“The avenues are enormous, some are manually developed and some decisions are intelligent,” Gottipati said. “For example, one huge area with various components in it is balancing demand planning versus supply planning. We have 30,000 SKUs now and a planner has to plan for the demand of the next six to 18 months across 30 brands, and across the region and affiliated retailers … it’s a very complex multidimensional problem.”

Gottipati says they have to run these models to forecast their demand against supply and work with the suppliers and feed it to the manufacturers. 

The use of data has evolved at both StichFix and Estee Lauder and as more data is collected, the more development of modeling approaches leads to the delivery of more value over time. 

“We had to start out with various simplistic models that were basically just looking at base rates and things .. but as we are able to scale and collect more data, we’re able to also develop more complex modeling approaches that make better use of the new types of data that we are collecting,” Zielknicki said.

He said StitchFix has gone through several cycles of developing new recommendations model frameworks that “we see increasing performance in terms of our client satisfaction metrics, revenue and such and that is something we are able to keep innovating on as we scale, as we collect data and deliver more value over time.”

“At the end of the day we want to build an agile and resilient supply chain,” Gottipati said, because events like the pandemic can interrupt the supply chain. “We need to be able to have resiliency in our supply chain so it’s resilient. 

She said having a more accurate forecast and understanding of how much inventory to carry, that’s what Estee Lauder tries to improve upon when using the technology and the data.

The current application the company is using for demand planning and supply planning has shown at least a 20% increase in accuracy, Gottipati said. 

As for the future, creating a unified data plan and making data sharing more seamless is where panelists see data science evolving.

Making things more seamless is a big goal for StitchFix, Zielknicki said when thinking about some of the challenges the company has faced since it evolved.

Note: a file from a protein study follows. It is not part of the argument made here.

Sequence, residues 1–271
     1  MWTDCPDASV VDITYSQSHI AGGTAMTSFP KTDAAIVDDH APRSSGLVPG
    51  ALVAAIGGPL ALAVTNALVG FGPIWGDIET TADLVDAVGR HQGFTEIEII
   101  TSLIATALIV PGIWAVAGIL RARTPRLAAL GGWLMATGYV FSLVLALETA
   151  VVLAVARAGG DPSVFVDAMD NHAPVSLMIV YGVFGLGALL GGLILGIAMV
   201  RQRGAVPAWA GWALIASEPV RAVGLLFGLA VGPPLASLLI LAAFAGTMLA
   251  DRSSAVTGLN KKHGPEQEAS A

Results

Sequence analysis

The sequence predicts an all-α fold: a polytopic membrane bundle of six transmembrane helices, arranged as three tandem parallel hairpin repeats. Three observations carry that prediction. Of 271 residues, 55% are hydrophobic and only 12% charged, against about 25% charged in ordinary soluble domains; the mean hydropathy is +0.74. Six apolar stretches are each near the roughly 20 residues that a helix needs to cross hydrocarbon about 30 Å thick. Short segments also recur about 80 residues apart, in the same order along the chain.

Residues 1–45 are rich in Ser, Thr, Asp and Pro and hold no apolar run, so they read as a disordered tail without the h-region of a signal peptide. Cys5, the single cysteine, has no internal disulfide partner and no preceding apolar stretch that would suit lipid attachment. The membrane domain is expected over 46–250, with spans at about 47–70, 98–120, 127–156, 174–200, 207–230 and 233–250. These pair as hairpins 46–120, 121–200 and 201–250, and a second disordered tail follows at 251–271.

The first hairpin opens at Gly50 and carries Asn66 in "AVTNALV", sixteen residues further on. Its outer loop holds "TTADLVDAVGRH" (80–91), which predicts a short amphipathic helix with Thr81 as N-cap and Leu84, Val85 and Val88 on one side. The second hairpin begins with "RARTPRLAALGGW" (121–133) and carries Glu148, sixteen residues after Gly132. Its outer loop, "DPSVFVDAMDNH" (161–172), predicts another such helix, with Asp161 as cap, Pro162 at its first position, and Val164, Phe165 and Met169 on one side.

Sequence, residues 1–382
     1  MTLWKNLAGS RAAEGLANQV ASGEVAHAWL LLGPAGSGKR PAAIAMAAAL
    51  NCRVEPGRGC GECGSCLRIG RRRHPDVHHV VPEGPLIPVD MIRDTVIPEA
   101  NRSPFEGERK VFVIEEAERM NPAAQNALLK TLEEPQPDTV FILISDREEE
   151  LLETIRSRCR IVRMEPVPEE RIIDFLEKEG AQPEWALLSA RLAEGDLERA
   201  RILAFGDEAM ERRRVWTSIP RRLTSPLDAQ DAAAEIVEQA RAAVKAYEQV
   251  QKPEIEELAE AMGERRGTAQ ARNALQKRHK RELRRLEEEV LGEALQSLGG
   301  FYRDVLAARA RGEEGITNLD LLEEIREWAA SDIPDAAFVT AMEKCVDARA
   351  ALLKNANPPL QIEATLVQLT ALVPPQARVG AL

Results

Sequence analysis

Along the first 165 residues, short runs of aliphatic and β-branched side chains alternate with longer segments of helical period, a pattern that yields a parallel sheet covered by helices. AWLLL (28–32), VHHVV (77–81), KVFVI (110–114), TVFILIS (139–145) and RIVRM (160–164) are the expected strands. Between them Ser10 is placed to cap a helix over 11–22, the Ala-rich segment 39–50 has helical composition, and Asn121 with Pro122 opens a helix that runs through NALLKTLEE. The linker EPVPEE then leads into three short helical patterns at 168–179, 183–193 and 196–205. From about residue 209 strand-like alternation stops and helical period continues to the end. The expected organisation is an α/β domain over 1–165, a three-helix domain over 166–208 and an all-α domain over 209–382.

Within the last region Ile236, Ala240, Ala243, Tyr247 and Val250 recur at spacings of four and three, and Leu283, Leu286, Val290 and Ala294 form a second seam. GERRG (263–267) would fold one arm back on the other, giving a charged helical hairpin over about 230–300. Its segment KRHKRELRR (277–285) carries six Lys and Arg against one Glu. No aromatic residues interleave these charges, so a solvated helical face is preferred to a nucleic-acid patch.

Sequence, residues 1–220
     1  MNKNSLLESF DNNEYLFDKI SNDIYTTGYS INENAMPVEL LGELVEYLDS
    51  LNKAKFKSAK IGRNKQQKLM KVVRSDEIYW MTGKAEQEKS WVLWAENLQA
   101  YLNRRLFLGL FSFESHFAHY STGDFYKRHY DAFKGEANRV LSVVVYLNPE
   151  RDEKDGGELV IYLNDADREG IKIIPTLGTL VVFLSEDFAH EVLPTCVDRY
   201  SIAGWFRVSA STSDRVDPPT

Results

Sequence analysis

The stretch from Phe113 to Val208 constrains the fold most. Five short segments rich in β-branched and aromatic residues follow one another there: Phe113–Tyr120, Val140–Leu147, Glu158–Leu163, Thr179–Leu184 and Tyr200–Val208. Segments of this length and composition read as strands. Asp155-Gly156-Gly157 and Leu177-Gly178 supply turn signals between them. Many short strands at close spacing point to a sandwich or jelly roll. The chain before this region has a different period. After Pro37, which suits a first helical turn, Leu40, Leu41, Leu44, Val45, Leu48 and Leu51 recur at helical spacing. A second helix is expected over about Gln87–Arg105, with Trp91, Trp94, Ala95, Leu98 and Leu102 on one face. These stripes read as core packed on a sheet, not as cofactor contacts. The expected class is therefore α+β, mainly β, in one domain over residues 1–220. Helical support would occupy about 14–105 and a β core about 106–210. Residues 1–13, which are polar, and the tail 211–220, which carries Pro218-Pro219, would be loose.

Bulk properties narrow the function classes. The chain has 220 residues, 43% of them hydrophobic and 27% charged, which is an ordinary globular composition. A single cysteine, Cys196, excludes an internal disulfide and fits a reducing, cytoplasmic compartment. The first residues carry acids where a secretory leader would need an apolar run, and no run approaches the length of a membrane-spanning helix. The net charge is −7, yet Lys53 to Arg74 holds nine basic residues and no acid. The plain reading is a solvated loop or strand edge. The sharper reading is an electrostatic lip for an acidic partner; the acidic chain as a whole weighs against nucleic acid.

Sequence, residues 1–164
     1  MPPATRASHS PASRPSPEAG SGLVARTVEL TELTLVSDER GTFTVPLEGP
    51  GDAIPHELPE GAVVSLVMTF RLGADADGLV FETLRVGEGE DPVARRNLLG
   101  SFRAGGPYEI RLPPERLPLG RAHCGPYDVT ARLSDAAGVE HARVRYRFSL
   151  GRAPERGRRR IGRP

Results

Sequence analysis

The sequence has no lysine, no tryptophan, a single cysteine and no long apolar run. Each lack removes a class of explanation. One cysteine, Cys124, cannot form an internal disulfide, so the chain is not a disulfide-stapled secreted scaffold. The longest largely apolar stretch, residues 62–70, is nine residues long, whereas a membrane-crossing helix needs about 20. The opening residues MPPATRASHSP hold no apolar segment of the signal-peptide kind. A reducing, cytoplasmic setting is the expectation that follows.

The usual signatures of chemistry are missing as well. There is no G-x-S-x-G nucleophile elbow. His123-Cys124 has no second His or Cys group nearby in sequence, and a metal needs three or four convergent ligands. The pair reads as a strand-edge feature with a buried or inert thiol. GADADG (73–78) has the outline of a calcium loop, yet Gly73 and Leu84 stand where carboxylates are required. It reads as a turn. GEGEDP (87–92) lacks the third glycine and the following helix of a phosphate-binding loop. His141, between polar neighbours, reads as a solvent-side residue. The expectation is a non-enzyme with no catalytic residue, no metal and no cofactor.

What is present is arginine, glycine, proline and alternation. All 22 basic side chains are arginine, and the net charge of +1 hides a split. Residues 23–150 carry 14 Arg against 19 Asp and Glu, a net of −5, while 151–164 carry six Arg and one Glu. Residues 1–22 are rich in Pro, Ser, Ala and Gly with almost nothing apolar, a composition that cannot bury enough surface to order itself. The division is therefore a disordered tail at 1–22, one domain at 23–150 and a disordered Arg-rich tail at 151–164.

The company had a lot of additional model complexity with different models running for different areas of the business and as it grew and expanded, there’s more making it important to keep track of all the various data systems. 

“Recently, we’ve been making a more unified model framework around all of these different products and services, business lines and regions so we can have a more unified understanding of our clients,” Zielknicki said. 

Gottipati said it’s been challenging organizing the data at Estee Lauder as the company grew organically over time with the acquisition of new brands, which brought with each different system. 

“The data is not uniform,” she said. “It’s across many different systems and many people want to access the data for many different reasons, so we need to create a much more unified data framework and governance around it on who has access, who has edit versus read versus when someone wants to create a report. I think that needs to evolve into the future.”

About the Author(s)

Liz Hughes

Editor, IoT World Today, IoT World Today

Liz Hughes is an award-winning digital media editor with more than two decades of experience in newspaper, magazine and online media industries. 

A proven digital media strategist and editor, Liz has produced content and offered editorial support and leadership for a variety of web publications, including Fast Company, NBC Boston, Street Fight, QuinStreet, WTWH Media, AOL/Patch Media and Design News.

A skilled social media strategist experienced in developing and maintaining an audience across multiple platforms and brands, Liz also enjoys sharing her knowledge and expertise to help businesses small and large.